Tag Archives: innovation

What/ who is Bluebird and how do I stop it/ him/ her?

As I was rushing to work (running late) on Friday morning, I nearly got knocked over by a bunch of protesters blowing whistles and wearing white chemical protection suits as I entered Central Station. Putting aside my wave of commuter-rage (how dare people get in my way, I am trying to get to work, ferchrissakes!), I checked out one of their placards, and saw “Stop Bluebird”, then realised they had it on their T-shirts, and were shouting it too.

Always one to be a part of a “Stop …” anything kind of campaign, I did a Google web search at my earliest opportunity, and was directed to a site called “Dreams of Anthropocene” at http://www.lulurich.com.au/ (everything I saw pointed towards stopbluebird.com, a URL that doesn’t seem to exist, instead re-directing to this one).

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Carlton Draught’s new TVC campaign

Your Weenis, your Weenis, it's wrinkly and it's pink

Your Weenis, your Weenis, it's wrinkly and it's pink

Here is the latest campaign for Carlton Draught, the sixth in the ‘Made from Beer’ series.

It was due to launch on television in February but was pulled by Carlton & United Breweries at the last-minute due to concerns that it may offend viewers.

The full series of 7 short spots can be seen at http://anyexcuse.com.au/ and is worth checking out, especially for Tingle, Weenis, and Wart.

The ads are pretty funny, and continue the humourous themes seen earlier in the series. I do hope, however, that the late jitters isn’t indicative of an increasing trend of advertisers becoming frightened enough about offending people that they substantially alter their marketing campaigns.

Updated: This campaign has now been pulled from the internet as well due to fears over a ‘public backlash’.

My favourite campaign of 2009 – Choose a Different Ending

There has been loads of innovative work out there this year, but the campaign that impressed me most was ‘Choose a Different Ending‘. This was created for the Metropolitan Police (in conjunction with http://www.droptheweapons.org/) by AMV BBDO UK, and was directed by Nottingham-based short film-maker Simon Ellis. The objective was to raise awareness of knife-related crime in London.

The set-up is a series of short interactive YouTube videos where the viewer gets to choose what happens next by clicking on one of the options. So, in the first video, when the protagonist (the film is shot in the first-person) is about to head out with his mates, the first choice, as a hand hovers over a knife rack, is ‘Take the Knife’ or ‘Don’t Take the Knife’. As you choose your options you will very quickly be moved in to situations of varying severity, such as getting arrested for possession, or ending up looking at a life sentence for stabbing someone in the chest.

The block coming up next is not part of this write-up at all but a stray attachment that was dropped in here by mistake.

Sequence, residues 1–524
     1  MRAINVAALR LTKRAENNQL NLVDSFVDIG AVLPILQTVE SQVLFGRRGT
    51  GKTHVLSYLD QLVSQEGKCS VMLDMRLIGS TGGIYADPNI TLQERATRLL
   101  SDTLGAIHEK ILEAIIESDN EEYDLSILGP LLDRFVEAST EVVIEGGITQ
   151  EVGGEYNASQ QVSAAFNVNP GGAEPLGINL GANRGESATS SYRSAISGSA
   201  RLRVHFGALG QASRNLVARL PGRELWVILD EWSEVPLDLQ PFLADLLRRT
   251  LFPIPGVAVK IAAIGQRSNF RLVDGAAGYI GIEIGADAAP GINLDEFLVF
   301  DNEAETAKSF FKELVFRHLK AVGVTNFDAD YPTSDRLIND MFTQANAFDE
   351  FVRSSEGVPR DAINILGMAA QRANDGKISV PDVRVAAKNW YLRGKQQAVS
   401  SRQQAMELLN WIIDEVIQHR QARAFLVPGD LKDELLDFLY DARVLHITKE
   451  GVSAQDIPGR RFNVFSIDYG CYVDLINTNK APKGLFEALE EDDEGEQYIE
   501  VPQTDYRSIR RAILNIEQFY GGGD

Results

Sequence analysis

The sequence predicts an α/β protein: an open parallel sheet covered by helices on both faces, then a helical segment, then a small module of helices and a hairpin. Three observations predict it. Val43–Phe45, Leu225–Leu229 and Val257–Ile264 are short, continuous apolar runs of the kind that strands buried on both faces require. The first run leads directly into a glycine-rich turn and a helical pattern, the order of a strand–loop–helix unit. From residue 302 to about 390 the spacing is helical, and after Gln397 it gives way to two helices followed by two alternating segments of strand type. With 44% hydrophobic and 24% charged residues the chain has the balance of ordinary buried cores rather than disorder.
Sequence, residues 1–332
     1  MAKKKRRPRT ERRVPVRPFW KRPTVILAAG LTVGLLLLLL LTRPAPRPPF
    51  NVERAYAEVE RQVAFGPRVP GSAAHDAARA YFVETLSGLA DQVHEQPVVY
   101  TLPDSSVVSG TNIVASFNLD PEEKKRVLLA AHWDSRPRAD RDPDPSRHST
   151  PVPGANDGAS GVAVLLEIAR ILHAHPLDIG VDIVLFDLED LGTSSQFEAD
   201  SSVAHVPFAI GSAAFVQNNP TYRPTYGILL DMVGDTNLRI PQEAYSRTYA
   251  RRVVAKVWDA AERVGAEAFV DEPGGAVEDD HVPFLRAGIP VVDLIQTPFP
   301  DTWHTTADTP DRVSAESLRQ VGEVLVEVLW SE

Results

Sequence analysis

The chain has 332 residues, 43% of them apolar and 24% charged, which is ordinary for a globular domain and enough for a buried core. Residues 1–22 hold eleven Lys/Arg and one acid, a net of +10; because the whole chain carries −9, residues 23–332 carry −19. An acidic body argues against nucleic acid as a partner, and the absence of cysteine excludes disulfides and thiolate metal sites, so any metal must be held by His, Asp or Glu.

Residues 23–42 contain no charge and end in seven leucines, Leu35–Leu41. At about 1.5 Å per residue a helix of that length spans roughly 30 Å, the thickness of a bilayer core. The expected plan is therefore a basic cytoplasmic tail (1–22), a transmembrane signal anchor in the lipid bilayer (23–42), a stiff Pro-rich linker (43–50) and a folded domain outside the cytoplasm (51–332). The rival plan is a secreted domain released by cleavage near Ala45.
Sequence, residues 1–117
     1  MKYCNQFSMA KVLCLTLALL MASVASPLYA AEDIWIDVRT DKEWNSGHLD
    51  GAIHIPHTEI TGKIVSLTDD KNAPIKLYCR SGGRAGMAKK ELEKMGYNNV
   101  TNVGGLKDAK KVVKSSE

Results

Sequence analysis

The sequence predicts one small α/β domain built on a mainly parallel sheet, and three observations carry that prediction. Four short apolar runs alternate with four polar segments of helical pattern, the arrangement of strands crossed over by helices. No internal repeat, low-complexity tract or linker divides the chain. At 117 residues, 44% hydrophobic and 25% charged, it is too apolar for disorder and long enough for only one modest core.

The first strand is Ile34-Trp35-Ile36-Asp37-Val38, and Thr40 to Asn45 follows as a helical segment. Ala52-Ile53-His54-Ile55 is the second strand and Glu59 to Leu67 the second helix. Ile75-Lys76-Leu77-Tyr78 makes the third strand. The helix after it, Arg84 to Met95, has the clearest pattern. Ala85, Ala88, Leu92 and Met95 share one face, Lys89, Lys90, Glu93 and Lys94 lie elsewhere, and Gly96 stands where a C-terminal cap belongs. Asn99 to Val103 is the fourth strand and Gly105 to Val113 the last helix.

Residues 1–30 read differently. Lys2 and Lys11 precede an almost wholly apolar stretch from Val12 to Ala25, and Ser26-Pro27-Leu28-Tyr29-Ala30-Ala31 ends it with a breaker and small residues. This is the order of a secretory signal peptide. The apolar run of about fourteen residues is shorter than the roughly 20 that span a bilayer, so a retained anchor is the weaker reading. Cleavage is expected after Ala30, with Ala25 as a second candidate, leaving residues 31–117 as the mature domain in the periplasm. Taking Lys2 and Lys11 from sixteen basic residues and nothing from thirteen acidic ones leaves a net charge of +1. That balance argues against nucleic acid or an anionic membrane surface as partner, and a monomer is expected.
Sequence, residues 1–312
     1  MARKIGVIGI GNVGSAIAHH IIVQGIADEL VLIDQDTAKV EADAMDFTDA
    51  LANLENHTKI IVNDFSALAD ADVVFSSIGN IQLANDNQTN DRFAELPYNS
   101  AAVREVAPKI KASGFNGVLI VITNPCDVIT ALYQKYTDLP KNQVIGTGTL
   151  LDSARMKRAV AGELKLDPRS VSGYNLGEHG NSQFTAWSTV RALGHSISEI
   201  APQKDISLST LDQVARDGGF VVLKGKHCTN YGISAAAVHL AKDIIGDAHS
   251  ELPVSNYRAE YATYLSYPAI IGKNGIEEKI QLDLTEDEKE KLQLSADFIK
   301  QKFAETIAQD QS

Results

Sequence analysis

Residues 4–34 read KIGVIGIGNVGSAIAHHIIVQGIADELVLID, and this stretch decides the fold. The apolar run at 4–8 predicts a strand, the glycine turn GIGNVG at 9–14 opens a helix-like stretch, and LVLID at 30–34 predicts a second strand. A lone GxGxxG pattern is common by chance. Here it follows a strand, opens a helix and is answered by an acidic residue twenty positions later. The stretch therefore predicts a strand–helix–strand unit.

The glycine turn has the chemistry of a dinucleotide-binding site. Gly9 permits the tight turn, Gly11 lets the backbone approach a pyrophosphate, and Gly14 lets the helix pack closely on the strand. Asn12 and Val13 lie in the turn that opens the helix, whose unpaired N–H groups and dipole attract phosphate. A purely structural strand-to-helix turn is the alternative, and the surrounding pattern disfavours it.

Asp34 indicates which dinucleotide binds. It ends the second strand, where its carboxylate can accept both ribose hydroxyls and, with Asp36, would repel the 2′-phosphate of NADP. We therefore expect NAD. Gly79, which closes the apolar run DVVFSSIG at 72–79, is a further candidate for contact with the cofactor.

This is of course unless you reject repeated calls to grab a weapon, in which case you end up at a party dancing with the girl of your dreams. What I noticed is that each time I have gone through the options, this is the last path I took!

Alongside the YouTube channel there was also a TV component with the same different endings.

It was really the user interaction aspect that made this campaign stand out for me, rather than anything based around results. It builds on the well-established Public Service Announcement and brings it in to the modern age using social media in an original fashion.

Regarding results, the YouTube channel has had over 460,000 views which sounds a little underwhelming for something that was clearly designed to be a viral hit and beyond that it is quite hard to get any idea of how the campaign performed against expectations, etc. It would be interesting to find out as this is an excellent idea, executed to perfection and I would like to see this sort of work encouraged in the future.

Creating a workplace culture that fosters innovation

I have been part of a team in 2009 that has been looking at innovation, and how to create an environment in the workplace that encourages ideas. Not only this, but what processes are in place to define, refine and implement these ideas.

It has been a fascinating exercise, and we have discovered some great articles along the way, which I have listed below.

50 ways to foster a culture of innovation – from Idea Champions. 50 might sound like a lot, but these are simple and also represent a back-to-basics look at what a good company culture should look like.

From the Center for Business Planning, the Mission Statement. The Mission Statement is critical to any organisation in that it ties in to the What, When, Why, How aspects within the innovation process.

Similarly, from QuickMBA, the Business Vision and Company Mission Statement, which expands the idea of the Mission Statement to include core values, core purpose, and visionary goals.

Hat-tip to Piete Berkel for finding these great articles.